If I hadn't taken a test drive I'm sure I never would have purchased a Sanyo eneloop electric-assist bicycle. It's not that I'm not lazy - I am, and many people near to me know that I am a rather wimpy urban biker, as I complain if I have to go too far or haul too much stuff. No, the reason I wouldn't buy an e-bike is more to do with the negative image I have of any motorized cycles since I began bicycle commuting in 2006.
And then one cold January day I rode the eneloop up the big hill near my house in Portland and on to the even bigger hill of Mt. Tabor. And I was completely sold.Goes a little farther, a little faster
eneloop made me feel like I was suddenly just a little bit stronger, and almost as important, a little bit more on equal footing with the other vehicles on the road.
I don't think this electric assist bike is going to be for everyone - far from it. eneloop has a fairly girly feel in its design, and seems to be catering to women riders, with its mamachari design. Not only does it have a low step-through and a wide, cruiser-style saddle, it also isn't all that powerful, and not very fast.
The electric-assist motor on the three-speed Eneloop has three modes - auto, standard, and power-up. In auto mode, the bike is supposed to help by sensing when you need a power boost - especially during take-off when first accelerating and on inclines - and give you that extra assist. Standard mode is like riding a heavy, sturdy cruiser, while the power-up mode gives you two times the power of your regular pedaling.
The bike also has limited regenerative charging, so while going down steep hills the power lights blink to let you know you are re-charging the battery. My eneloop is the first generation - Sanyo is promising some new eneloop models that improve the regenerative charging capability with a feature called "Eco Charge Mode," in order to extend the bike's range.
What the Eneloop doesn't do is make you a sudden cycling speed demon. That's because the bike's top speed is 15 miles per hour. This is important to realize before purchase. If you want the Eneloop because you think you will actually ride more and ride further with electric assist, you are the right candidate. If you are hoping to get a moped that looks like a bike - or an electric bike that doesn't look like a bike - you may be disappointed.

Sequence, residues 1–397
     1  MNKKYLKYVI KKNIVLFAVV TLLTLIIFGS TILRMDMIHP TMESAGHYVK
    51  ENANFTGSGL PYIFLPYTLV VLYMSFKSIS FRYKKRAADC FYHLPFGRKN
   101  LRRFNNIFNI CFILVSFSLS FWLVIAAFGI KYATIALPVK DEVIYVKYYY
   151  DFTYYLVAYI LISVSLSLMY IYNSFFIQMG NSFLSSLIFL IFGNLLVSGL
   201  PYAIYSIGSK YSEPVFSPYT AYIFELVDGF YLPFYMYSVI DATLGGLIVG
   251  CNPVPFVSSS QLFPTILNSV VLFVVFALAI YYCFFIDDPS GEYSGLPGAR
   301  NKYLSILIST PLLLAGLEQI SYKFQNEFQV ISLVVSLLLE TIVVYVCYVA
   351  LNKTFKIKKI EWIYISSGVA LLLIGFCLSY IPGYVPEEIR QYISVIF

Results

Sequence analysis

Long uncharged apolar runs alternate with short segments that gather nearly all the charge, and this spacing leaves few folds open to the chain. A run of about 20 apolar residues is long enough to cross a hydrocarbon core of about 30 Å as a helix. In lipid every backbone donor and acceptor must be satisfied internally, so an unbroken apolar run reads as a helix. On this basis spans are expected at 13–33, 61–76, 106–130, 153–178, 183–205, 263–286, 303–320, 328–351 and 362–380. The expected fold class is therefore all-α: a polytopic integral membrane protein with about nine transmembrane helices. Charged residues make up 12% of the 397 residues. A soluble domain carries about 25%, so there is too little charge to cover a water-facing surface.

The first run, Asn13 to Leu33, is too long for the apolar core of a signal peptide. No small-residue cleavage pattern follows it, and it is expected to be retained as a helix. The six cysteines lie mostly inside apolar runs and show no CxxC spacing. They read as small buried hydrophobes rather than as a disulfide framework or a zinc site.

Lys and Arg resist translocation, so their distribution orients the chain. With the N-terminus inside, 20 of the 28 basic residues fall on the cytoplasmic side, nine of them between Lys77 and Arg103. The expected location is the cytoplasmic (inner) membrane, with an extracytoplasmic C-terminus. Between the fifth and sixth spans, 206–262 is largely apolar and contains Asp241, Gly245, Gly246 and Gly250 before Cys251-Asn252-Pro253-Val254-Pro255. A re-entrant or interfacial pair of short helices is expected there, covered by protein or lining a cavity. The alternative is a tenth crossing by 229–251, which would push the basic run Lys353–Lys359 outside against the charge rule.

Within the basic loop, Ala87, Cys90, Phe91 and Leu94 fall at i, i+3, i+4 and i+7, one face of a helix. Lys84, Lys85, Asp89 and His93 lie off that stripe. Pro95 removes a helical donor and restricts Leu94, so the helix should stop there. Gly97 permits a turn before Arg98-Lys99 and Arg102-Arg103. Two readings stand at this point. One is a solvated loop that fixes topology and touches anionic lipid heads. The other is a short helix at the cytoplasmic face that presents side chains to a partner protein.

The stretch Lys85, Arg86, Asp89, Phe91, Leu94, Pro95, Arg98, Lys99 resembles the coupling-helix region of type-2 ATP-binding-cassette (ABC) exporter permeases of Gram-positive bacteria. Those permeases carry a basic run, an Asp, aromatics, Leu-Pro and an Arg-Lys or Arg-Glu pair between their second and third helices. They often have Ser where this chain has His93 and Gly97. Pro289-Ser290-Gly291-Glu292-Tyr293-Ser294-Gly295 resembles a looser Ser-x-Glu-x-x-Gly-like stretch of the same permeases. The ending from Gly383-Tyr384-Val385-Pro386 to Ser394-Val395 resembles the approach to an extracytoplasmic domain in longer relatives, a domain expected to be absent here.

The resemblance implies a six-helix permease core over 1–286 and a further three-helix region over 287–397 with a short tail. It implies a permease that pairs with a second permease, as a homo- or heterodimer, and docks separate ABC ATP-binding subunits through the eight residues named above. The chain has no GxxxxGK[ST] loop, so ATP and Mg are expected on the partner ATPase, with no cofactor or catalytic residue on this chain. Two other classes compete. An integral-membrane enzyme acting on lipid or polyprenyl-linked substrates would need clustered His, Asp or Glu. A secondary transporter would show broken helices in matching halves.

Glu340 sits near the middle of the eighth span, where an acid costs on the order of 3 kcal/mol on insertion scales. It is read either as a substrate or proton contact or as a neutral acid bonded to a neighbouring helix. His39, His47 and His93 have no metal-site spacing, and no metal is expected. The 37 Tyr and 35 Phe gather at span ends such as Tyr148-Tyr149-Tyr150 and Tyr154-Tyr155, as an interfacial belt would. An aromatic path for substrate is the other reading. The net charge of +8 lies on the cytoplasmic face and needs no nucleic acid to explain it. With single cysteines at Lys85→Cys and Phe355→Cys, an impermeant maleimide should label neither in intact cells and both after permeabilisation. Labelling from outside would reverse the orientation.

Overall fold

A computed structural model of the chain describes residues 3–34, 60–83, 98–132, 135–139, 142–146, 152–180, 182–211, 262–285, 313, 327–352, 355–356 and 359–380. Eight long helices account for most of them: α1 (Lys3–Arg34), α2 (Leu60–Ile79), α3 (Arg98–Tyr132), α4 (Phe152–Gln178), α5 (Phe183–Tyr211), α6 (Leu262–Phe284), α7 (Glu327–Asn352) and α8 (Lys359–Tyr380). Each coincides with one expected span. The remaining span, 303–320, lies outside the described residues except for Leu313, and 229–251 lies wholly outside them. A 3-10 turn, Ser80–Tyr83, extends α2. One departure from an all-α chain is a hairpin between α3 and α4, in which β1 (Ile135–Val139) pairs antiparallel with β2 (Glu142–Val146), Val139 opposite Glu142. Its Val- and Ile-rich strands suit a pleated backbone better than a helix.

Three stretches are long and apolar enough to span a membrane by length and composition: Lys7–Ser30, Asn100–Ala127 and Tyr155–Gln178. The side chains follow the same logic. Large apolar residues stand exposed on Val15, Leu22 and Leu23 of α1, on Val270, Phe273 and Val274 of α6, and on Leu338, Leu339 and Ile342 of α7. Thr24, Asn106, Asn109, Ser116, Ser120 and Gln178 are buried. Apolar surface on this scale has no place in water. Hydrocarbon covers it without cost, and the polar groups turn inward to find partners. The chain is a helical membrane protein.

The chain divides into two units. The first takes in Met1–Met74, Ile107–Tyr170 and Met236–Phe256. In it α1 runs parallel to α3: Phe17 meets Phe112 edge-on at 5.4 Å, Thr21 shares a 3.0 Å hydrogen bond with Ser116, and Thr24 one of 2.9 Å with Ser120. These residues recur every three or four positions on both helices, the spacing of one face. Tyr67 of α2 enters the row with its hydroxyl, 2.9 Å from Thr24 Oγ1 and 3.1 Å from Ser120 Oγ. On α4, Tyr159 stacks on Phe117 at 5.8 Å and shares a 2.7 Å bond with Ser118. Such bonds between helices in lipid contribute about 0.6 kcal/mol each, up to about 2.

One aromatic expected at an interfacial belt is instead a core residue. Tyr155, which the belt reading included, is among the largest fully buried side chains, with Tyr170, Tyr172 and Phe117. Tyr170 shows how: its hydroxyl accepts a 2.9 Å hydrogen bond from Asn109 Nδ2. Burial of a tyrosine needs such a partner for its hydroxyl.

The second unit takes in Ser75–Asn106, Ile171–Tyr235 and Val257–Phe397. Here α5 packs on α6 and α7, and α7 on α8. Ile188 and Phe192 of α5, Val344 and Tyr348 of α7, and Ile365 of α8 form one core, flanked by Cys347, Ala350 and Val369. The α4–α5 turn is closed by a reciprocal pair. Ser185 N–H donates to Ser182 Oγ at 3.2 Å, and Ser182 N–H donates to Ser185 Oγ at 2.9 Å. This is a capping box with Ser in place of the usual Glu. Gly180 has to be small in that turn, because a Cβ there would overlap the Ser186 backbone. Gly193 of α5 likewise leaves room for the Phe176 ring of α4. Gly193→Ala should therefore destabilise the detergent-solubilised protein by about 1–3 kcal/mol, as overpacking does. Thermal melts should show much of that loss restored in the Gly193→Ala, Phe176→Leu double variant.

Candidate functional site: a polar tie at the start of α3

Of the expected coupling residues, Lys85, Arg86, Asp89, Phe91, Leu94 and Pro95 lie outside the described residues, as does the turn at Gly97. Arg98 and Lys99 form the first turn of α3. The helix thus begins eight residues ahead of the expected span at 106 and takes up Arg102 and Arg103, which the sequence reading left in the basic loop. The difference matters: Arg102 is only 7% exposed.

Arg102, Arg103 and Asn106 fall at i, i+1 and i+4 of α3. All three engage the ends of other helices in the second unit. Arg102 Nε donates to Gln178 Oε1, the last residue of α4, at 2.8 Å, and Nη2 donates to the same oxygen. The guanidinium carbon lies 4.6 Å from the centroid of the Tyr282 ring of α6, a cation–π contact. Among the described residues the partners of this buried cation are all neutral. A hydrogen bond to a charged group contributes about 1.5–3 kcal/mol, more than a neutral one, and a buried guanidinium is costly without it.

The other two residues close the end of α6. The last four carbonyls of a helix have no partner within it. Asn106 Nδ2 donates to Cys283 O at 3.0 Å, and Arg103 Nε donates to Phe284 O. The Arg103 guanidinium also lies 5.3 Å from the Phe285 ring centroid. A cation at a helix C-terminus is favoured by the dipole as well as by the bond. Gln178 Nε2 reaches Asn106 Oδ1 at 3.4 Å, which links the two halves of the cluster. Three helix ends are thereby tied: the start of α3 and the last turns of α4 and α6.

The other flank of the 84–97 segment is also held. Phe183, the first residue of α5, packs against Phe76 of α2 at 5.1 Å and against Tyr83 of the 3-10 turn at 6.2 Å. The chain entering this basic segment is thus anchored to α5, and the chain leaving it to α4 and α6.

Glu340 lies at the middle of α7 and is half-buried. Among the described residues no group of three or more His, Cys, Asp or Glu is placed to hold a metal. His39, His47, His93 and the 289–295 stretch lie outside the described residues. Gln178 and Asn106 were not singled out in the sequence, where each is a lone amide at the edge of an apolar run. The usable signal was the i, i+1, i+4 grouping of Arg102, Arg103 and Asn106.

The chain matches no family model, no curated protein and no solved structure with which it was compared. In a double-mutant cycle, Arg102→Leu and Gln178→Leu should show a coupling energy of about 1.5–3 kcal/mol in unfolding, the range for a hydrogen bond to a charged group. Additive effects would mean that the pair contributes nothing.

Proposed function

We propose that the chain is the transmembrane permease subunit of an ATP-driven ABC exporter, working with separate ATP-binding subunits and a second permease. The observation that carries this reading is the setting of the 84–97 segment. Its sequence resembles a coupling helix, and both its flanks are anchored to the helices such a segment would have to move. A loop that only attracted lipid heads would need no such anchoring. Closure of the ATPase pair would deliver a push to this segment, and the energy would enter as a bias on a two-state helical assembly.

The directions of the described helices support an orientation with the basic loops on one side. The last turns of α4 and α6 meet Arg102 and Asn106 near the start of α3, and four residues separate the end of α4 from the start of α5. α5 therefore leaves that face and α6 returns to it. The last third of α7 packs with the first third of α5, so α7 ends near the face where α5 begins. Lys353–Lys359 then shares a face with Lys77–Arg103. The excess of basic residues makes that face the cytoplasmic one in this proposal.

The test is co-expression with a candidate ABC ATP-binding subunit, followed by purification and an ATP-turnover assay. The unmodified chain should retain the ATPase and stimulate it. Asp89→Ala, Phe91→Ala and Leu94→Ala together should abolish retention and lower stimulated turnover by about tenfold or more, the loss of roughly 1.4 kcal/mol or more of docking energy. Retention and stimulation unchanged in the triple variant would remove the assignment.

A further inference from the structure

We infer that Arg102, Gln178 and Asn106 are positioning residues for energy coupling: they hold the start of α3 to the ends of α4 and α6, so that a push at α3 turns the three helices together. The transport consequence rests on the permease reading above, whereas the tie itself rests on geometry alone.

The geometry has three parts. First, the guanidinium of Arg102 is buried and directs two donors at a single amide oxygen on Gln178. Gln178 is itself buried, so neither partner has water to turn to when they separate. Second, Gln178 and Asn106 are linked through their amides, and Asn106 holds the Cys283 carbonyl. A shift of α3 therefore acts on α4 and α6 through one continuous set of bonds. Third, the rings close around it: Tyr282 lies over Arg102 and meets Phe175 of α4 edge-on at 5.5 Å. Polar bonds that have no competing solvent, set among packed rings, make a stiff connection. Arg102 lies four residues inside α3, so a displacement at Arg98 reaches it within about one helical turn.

In fact, the Eneloop may make you feel more powerful, but it at some point might irritate you as if you are cruising down a hill and adding some extra pedaling, that pedaling won't be "assisted" to increase your speed past the 15 mph limit (and it won't re-charge your battery past 15 mph, either).
Some more sporty cyclists have figuratively frowned on the pedal-assist movement as it tends to connote lazy cyclists getting a motor to do the work while they pretend they are cycling.
My Year of "E"
That's why I decide to document my first year of e-biking, to see if a) I lose or gain any weight b) ride more or less than I habitually have done (imperfectly measured by a rise or fall in my Zipcar bills, and c) find a noticeable increase in my electric bill from frequent charging of the bike (estimated to be just a few cents per charge, which takes 3.5 hours).
My starting weight was 115. My first week of biking I rode 33.4 miles. Zipcar miles = 0. Happiness factor = high.
It was great that my bike mechanic, who helped tighten up the steering after I self-assembled the bike, said that mine is the first pedal-assist he's seen in his shop. Otherwise, the bike really seems to blend in, and people don't know it's got an assisting motor unless they are looking up close.
E-bikes are on the rise, especially in China and other parts of Asia, where people are using them as a car replacement. While that's a fantastic niche, it's not too helpful for moms or car-bound people like my sister, who lives nearly twenty miles from her job. My idea of eneloop's true value is for new or hesitant cyclists that have been intimidated by busy streets, mean weather, or a tinge of wimpiness. I have had all those feelings in my life as a commuter cyclist, and the eneloops definitely helps give my riding a welcome boost. Let's see if it lasts.
Author's note: Thanks, Todd, for pointing out a mistake, now corrected, regarding top speed. The bike can go faster than 15 mph, however the assist doesn't help you after you've attained that speed, and the brake recharging automatically stops after 15 mph.
Read more about e-bikes at TreeHugger:
Should E-Bikes Be Banned?
Electric Bikes a Better Work-Out Than Pedal Power
Scwinn's New Line of Electric Bikes